9. What is a public agency's responsibility if it is not possible to reach consensus on what services should be included in a child's IEP?

(To define, "public agency" is the local school district, a representative of the local public agency (i.e. School Principle, School Administrator).)

The IEP meeting serves as a communication vehicle between parents and school personnel, and enables them, as equal participants, to make joint, informed decisions regarding their child's IEP. 

Parents are considered equal partners with school personnel in making these decisions, and the IEP team must consider the parents' concerns and the information that they provide regarding their child in developing, reviewing, and revising IEPs.

Here is what our current Federal law says about creating and updating your student's IEP:

(a) Development of IEP.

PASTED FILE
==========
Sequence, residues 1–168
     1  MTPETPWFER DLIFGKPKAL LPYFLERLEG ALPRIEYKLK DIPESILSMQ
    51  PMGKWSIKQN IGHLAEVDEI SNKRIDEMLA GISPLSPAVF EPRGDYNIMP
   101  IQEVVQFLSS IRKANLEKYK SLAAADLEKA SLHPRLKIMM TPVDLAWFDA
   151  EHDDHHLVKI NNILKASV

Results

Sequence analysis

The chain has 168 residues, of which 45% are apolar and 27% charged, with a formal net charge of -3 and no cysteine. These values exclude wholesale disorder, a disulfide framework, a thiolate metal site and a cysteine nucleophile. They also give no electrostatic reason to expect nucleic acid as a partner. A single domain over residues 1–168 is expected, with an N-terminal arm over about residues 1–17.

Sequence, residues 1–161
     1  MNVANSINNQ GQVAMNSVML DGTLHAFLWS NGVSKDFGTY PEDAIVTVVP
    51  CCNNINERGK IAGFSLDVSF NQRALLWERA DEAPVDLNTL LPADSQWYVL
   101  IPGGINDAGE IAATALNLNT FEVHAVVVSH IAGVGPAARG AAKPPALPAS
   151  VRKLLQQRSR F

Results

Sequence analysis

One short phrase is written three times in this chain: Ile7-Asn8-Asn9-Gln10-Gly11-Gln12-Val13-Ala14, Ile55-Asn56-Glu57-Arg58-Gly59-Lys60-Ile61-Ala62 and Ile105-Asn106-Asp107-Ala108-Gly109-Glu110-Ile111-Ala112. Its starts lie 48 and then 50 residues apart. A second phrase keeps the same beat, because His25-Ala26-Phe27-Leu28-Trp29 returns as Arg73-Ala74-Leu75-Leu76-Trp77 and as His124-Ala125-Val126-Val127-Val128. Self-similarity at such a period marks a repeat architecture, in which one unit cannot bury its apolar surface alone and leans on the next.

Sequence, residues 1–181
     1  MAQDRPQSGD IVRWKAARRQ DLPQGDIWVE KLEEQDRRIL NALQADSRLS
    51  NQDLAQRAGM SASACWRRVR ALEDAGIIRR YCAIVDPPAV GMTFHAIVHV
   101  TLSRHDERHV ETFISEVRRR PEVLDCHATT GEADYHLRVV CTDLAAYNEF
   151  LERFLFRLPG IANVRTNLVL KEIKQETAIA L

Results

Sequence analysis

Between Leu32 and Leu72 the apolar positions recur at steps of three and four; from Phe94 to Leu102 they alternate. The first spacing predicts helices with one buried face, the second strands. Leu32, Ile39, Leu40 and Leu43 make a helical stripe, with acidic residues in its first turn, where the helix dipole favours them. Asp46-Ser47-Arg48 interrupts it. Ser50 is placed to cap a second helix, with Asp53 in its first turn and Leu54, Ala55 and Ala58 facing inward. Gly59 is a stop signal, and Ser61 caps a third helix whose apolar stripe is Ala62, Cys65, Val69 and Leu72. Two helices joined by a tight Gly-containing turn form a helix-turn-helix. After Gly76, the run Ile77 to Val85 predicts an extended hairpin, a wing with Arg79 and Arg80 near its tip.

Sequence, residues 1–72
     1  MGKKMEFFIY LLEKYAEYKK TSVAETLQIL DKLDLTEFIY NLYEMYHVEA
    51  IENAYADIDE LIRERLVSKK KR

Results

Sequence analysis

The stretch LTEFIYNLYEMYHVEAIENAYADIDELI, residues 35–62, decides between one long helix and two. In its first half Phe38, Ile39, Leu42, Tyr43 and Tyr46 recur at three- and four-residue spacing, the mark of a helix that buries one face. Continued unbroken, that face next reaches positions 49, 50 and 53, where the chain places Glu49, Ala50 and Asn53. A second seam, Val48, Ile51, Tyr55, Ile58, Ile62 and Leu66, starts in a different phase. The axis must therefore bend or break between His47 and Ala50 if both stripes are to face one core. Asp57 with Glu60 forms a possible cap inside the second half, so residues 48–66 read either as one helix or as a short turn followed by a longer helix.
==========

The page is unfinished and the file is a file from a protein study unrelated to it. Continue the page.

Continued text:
(1) General. In developing each child's IEP, the IEP Team must consider:
(i) The strengths of the child;
(ii) The concerns of the parents for enhancing the education of their child;
(iii) The results of the initial or most recent evaluation of the child; and
(iv) The academic, developmental, and functional needs of the child.

(b) Review and revision of IEPs.
(1) General. Each public agency must ensure that, subject to paragraphs (Consideration of special factors (b)(2)) and
(Requirement with respect to regular education teacher.(b)(3)) of this section, the IEP Team:
(i) Reviews the child's IEP periodically, but not less than annually, to determine whether the annual goals for the child are being achieved; and
(ii) Revises the IEP, as appropriate, to address:
(A) Any lack of expected progress toward the annual goals described in (requirement for measurable goals: Sec. 300.320(a)(2)), and in the general education curriculum, if appropriate;
(B) The results of any reevaluation conducted under Sec. 300.303;
(C) Information about the child provided to, or by, the parents, as described under Sec. 300.305(a)(2);
(D) The child's anticipated needs; or
(E) Other matters.

(Federal law Sec. 300.324 Development, review, and revision of IEP.)